3. Emit events when that state changes.

Example ERC20

  1. Shape of state:
mapping (address => uint256) balances;
  1. Possible changes:
  • Someone sends somebody an amount: Transfer
  1. Emit events: It is obvious for that example, but lets see what an observer can see the following events and reproduce every step in history.

For the sake of simplicity, lets assume that: 0x0: is the null address 0x1: user 1 0x2: user 2 ...and so on

Transfer(0x0, 0x1, 100) // Initial minting: User 1 receives 100 tokens. Total 100 tokens.
Transfer(0x1, 0x2, 30) // User 1 sends 30 tokens to user 2. New balances: User 1: 70, User 2: 30.
...

Although we fire events after the action happened, we use nouns in the event names. So: NewFund instead of FundCreated of CreateFund.

Like we communicate to the outside world: Hey, there is a NewFund.

Troubleshooting

Permission denied (publickey) when cloning the repo

Try cloning using git clone https://github.com/melonproject/smart-contracts.git

Spec json is invalid when running Parity Devchain

Update your Parity installation to the latest version or try changing "instantSeal": null to "instantSeal": { "params": {} } in chainGenesis.json

Stuck at deploy step

Deploying contracts may stuck indefinitely in case your parity node is not unlocked for some reason. Locked node requires you to enter password for each transaciton manually.

Contributing

As an open-source project, we welcome any kind of community involvement, whether that is by contributing code, reporting issues or engaging in insightful discussions. Please see our contributing instructions for information on the code style we use.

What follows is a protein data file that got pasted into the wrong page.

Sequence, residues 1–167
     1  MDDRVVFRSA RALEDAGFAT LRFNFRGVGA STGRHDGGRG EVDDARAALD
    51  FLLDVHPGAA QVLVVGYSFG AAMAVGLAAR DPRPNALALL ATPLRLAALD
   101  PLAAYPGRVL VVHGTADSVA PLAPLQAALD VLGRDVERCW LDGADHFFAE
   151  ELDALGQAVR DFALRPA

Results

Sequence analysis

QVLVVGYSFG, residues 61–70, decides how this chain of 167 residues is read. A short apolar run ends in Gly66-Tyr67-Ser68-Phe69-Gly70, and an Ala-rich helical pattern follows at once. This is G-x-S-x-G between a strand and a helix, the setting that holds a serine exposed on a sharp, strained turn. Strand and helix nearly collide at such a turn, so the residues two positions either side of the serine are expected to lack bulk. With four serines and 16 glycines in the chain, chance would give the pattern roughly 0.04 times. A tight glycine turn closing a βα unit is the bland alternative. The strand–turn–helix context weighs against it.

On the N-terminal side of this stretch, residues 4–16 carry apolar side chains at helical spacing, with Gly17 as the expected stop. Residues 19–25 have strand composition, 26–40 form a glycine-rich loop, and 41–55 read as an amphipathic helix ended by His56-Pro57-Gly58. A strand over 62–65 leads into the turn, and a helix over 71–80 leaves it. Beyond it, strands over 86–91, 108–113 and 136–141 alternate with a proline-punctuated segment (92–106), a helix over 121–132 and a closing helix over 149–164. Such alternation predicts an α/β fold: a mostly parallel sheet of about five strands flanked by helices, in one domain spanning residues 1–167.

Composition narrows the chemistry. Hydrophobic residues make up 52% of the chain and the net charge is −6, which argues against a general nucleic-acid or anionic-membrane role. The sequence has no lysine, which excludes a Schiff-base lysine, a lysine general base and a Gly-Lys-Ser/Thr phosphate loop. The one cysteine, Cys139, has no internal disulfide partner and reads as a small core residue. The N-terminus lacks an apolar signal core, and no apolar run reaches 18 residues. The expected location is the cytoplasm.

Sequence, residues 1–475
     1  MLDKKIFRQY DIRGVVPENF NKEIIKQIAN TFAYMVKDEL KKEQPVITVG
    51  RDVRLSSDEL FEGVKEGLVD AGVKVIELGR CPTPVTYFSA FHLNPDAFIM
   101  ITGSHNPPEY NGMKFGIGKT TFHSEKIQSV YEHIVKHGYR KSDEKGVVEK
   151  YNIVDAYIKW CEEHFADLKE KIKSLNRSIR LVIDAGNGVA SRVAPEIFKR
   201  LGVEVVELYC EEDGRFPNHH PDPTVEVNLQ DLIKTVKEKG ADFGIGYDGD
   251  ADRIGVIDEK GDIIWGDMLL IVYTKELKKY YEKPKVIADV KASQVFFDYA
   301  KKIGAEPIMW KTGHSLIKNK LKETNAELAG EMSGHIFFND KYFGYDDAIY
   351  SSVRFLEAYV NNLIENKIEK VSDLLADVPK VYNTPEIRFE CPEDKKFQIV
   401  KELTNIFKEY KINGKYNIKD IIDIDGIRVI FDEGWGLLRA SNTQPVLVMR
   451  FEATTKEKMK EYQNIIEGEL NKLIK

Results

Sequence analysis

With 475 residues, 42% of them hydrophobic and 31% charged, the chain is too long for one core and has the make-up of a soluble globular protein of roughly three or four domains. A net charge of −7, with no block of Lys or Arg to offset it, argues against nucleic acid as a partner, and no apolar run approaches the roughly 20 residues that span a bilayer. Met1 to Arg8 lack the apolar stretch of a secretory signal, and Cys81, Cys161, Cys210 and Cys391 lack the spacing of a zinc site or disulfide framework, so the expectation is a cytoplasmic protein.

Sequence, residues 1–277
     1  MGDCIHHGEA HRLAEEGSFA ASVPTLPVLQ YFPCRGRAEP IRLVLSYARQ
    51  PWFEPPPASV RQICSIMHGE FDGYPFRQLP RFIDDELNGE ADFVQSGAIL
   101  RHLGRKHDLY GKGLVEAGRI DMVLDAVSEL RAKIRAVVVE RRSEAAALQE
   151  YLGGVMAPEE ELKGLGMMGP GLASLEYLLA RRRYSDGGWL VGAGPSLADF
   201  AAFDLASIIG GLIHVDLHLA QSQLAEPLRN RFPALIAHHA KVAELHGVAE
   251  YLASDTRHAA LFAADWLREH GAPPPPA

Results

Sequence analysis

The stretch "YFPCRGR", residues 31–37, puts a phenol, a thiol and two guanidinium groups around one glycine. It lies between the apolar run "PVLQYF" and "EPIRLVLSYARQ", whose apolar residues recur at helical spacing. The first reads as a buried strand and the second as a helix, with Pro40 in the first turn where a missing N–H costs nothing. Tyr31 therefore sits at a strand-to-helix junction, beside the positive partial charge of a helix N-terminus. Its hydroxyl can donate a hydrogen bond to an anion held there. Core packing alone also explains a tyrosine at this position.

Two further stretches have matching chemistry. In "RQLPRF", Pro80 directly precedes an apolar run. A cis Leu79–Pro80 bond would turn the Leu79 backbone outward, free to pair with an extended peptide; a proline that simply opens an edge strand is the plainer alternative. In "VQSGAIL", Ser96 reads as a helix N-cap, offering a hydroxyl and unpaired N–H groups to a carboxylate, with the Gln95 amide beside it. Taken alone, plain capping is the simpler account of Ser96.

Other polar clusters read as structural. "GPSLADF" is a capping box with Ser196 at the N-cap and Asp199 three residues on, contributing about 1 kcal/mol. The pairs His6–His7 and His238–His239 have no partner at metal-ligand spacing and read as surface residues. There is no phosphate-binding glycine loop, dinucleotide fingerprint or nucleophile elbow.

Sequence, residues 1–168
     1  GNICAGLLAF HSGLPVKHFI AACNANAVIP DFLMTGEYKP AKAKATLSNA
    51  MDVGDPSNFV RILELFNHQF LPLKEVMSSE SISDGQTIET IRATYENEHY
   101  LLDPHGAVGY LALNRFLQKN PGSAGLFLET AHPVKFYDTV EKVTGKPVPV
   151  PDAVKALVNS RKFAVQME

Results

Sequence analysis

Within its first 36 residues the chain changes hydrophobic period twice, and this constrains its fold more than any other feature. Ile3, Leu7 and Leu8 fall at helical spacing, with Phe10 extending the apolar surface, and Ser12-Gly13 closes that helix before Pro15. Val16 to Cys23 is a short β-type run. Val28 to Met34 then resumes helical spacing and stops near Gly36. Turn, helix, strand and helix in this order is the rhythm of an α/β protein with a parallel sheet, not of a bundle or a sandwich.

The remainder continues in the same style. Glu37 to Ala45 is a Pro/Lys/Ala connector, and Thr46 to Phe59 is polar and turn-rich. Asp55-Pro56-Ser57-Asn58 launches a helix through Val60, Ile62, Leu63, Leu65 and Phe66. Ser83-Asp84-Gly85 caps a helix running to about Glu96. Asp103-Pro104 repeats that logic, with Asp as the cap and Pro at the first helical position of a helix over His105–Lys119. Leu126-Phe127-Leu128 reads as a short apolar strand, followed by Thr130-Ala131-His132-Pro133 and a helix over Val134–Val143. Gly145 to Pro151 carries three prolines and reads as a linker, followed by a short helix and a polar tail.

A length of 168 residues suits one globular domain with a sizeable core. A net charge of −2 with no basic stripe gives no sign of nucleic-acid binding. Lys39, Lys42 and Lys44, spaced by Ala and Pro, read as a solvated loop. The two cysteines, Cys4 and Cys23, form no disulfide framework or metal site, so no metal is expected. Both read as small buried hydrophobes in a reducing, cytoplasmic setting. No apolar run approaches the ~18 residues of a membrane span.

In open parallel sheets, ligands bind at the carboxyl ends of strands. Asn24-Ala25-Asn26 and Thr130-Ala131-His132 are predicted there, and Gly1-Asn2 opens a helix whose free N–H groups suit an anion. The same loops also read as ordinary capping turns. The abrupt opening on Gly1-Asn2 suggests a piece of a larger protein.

Security Issues

If you find a vulnerability that may affect live or testnet deployments please send your report privately to security@melonport.com. Please DO NOT file a public issue.

Protocol Design

When considering protocol design proposals, we are looking for:

  • A description of the problem this design proposal solves
  • Discussion of the tradeoffs involved
  • Review of other existing solutions
  • Links to relevant literature (RFCs, papers, etc)
  • Discussion of the proposed solution

Please note that protocol design is hard, and meticulous work. You may need to review existing literature and think through generalized use cases.

Implementation Design

When considering design proposals for implementations, we are looking for:

  • A description of the problem this design proposal solves
  • Discussion of the tradeoffs involved
  • Discussion of the proposed solution